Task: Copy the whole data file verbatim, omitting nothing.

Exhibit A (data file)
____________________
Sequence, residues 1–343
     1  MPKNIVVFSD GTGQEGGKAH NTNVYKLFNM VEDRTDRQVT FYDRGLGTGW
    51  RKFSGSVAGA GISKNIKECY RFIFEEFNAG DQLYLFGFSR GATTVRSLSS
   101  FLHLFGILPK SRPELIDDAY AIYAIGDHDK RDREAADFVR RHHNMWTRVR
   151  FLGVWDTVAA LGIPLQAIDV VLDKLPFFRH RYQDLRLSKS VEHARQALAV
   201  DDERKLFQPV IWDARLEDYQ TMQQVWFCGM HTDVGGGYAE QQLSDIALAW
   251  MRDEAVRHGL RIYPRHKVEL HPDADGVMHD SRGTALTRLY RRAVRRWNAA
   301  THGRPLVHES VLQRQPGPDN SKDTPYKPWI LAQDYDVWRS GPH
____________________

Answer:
Sequence, residues 1–343
     1  MPKNIVVFSD GTGQEGGKAH NTNVYKLFNM VEDRTDRQVT FYDRGLGTGW
    51  RKFSGSVAGA GISKNIKECY RFIFEEFNAG DQLYLFGFSR GATTVRSLSS
   101  FLHLFGILPK SRPELIDDAY AIYAIGDHDK RDREAADFVR RHHNMWTRVR
   151  FLGVWDTVAA LGIPLQAIDV VLDKLPFFRH RYQDLRLSKS VEHARQALAV
   201  DDERKLFQPV IWDARLEDYQ TMQQVWFCGM HTDVGGGYAE QQLSDIALAW
   251  MRDEAVRHGL RIYPRHKVEL HPDADGVMHD SRGTALTRLY RRAVRRWNAA
   301  THGRPLVHES VLQRQPGPDN SKDTPYKPWI LAQDYDVWRS GPH